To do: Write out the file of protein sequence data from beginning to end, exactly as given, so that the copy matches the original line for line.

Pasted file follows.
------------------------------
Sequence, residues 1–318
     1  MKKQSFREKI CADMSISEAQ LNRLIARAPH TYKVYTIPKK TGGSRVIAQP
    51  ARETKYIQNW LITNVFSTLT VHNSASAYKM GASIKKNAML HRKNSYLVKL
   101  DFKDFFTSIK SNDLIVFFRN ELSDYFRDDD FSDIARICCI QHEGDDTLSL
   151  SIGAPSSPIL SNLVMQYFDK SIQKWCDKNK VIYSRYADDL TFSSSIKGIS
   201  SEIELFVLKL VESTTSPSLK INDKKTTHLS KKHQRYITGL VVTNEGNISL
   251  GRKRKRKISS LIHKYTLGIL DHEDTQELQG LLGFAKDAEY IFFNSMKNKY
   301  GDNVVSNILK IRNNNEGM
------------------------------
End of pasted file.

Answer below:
Sequence, residues 1–318
     1  MKKQSFREKI CADMSISEAQ LNRLIARAPH TYKVYTIPKK TGGSRVIAQP
    51  ARETKYIQNW LITNVFSTLT VHNSASAYKM GASIKKNAML HRKNSYLVKL
   101  DFKDFFTSIK SNDLIVFFRN ELSDYFRDDD FSDIARICCI QHEGDDTLSL
   151  SIGAPSSPIL SNLVMQYFDK SIQKWCDKNK VIYSRYADDL TFSSSIKGIS
   201  SEIELFVLKL VESTTSPSLK INDKKTTHLS KKHQRYITGL VVTNEGNISL
   251  GRKRKRKISS LIHKYTLGIL DHEDTQELQG LLGFAKDAEY IFFNSMKNKY
   301  GDNVVSNILK IRNNNEGM